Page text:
Red Bull X-Alps

Alpine eagles square up

We profile the Italian and Swiss athletes in the lineup.

© zooom / Harald Tauderer

There is a scene in the recent BBC Planet Earth II series in which two golden eagles fight with their outstretched talons on an alpine peak for the prize of a fox carcass. Only one can be the victor. 

In this edition’s Red Bull X-Alps, there are two human eagles taking part – and their prowess in the sky and mountains is every bit as dramatic; their determination to come out on top every bit as courageous.

In the Swiss corner is the four time champion, Christian ‘Chrigel the eagle’ Maurer whose dominance came close to being challenged in 2015 before he saw off the challengers and re-established his supremacy. Then there’s the Italian eagle, Aaron Durogati, who became a ‘real’ eagle in the above documentary by putting on a camera to film the eagle POV sequences. Which one will triumph in the world’s toughest adventure race? 

Maurer says he still has his eyes fixed on the crown. “The goal is to win the Red Bull X-Alps for a fifth time,” he says. But this year he has a new team and will be without the support of Thomas Theurillat, which has raised eyebrows among race followers. 

“Thomas and Chrigel were the first to show this is a team event not a solo piloting race,” says Cross Country editor Ed Ewing. “Thomas ran the ship and took all the stress off Chrigel. He had the iPad, the checklists, he planned the route. As a guide, pilot and sports psychologist he was the perfect supporter for this race. Since then, everyone has copied that model. Take him away from Chrigel, yes he can still fly but will he still be able to do it without the famous Thomas? We will have to wait and see.”

Aaron Durogati meanwhile is also looking at the podium but if previous editions are to go by, he doesn’t quite have the speed to prove a real danger to Maurer. In 2015 he finished in sixth place, arriving in Monaco 26 hours after Maurer. But this year could be different.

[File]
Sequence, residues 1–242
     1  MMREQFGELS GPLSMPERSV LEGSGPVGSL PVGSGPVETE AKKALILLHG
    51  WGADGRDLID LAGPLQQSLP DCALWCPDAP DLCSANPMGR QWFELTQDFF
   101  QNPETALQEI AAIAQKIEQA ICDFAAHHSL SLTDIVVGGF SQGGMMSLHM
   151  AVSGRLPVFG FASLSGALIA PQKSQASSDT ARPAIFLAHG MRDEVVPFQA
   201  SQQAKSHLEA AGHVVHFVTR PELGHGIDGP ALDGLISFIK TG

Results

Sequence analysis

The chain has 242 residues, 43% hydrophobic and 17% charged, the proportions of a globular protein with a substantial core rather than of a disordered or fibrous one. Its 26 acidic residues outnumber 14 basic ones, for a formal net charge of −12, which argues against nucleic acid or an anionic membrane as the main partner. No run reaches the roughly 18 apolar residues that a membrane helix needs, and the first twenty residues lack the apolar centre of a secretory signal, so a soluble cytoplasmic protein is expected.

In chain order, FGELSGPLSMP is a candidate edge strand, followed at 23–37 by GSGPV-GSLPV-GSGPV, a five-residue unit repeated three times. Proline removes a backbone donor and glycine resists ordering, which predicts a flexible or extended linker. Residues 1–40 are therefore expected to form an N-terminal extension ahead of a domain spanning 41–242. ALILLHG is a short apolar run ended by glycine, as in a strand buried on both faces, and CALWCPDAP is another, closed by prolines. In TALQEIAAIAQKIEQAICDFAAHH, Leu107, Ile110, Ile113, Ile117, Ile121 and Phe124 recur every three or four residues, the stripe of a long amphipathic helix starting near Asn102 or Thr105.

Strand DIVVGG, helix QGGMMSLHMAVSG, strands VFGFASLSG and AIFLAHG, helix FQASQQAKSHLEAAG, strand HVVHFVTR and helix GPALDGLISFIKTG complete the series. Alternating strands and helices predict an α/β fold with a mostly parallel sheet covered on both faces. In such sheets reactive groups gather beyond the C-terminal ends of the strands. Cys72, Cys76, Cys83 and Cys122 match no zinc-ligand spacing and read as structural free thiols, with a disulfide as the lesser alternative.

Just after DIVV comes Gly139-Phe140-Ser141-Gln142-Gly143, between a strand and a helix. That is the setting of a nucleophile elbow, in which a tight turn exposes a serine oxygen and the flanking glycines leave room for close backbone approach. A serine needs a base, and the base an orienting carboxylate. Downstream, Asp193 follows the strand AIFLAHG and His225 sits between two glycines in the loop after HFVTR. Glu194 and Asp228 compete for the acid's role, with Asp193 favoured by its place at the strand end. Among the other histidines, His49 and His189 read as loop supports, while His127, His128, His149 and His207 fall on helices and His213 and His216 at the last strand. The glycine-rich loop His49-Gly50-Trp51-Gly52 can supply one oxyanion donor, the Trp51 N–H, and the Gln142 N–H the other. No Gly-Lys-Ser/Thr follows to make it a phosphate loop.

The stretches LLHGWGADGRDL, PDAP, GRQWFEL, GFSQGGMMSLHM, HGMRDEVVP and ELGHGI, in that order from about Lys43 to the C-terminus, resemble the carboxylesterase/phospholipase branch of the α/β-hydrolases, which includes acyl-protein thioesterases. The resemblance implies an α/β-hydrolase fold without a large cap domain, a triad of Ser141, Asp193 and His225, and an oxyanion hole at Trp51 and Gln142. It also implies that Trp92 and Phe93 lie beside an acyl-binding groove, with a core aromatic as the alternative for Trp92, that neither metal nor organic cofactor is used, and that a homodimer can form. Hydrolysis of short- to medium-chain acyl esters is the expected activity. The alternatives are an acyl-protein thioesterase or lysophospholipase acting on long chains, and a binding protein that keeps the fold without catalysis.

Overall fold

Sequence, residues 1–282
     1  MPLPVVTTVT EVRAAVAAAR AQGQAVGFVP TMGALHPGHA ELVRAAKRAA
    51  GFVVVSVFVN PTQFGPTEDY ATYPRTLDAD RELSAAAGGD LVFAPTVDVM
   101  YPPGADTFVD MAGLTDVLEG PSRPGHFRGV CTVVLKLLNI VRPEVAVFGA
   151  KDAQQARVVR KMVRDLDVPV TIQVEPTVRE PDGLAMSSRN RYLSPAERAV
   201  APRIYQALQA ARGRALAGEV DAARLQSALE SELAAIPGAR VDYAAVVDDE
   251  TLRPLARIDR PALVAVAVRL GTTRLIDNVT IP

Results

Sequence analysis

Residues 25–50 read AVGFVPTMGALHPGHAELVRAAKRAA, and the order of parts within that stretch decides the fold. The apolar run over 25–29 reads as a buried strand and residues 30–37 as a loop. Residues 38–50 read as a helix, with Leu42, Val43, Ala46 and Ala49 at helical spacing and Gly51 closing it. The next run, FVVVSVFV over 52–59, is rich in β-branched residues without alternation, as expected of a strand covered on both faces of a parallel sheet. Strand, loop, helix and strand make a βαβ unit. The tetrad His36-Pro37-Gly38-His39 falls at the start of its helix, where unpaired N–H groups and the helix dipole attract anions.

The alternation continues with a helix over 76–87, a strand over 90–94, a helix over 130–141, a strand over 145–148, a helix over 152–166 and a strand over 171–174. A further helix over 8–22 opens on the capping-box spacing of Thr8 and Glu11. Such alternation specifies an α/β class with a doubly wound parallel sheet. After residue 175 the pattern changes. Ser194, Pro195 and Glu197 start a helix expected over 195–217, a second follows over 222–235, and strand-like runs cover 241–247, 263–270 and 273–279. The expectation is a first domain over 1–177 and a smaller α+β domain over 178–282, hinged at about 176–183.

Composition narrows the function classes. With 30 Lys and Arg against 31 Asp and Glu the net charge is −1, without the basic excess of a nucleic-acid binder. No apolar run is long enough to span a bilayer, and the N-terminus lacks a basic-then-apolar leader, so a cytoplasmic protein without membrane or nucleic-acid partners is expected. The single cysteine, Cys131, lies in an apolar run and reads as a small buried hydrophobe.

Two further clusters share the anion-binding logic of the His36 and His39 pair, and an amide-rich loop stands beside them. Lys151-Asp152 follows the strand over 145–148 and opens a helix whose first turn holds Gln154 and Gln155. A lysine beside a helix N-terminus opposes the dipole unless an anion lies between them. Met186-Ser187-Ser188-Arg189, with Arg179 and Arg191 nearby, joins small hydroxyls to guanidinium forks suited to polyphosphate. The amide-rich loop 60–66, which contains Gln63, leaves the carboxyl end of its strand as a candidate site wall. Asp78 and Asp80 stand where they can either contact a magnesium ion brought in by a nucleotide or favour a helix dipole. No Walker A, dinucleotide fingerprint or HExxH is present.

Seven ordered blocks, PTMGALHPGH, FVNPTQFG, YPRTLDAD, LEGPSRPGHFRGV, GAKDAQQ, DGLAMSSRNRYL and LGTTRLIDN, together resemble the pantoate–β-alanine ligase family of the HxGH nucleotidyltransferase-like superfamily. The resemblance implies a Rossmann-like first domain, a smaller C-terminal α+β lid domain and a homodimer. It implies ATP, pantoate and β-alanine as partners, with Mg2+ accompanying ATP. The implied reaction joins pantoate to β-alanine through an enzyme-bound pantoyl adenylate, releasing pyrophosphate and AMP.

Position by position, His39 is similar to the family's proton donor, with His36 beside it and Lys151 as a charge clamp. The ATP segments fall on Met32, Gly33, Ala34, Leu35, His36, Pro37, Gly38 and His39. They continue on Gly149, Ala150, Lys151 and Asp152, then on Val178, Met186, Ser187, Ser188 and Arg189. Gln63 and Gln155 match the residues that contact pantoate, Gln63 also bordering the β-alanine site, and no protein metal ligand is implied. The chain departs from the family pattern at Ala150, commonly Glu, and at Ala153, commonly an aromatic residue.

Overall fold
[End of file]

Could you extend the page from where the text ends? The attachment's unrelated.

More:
“I think I learned a lot over the past years,” he says. “The last two editions I made some mistakes which I’ll try not to do this year.” He’s also in much better shape. In 2015 he was still recovering from a broken leg and did the whole race still with iron in his leg, which has now been removed. “I’ve since fully recovered and I’m feeling really good,” he says. 

Italy and Switzerland also feature two rookies taking part. At 23, Italy’s Tobias Grossrubatscher is very young but nonetheless a formidable pilot with many hike and fly adventures under his wing. His approach is to make good decisions and stay safe. “The goal is to reach Monaco,” he says. 

Then there’s Krischa Berlinger, Dave Turner’s supporter from 2015. He’s only been flying since 2012 but he seems to be making up for lost time. Earlier this year he completed an epic 1,400km vol biv adventure through Tajikistan and Kyrgyzstan which took 46 days. “We flew to 7,000m without oxygen but also landed backwards multiple times due to very strong winds,” he says. 

“It was incredible,” says Cross-Country’s Ed Ewing. “These guys raise the bar with adventure flying and they did that flying in all weather, where people don’t fly often. He’s got the adventure in him and being Swiss also helps.”

He’s also a formidable mountaineer having knocked up some decent alpine ascents in his youth. But he’s got another quality which could prove useful, adds Ewing, who spoke with him at length recently. “He strikes me as a hard bastard but also one with a big sense of humour – that could bring something fresh to the race.” 

We can’t wait for it to begin…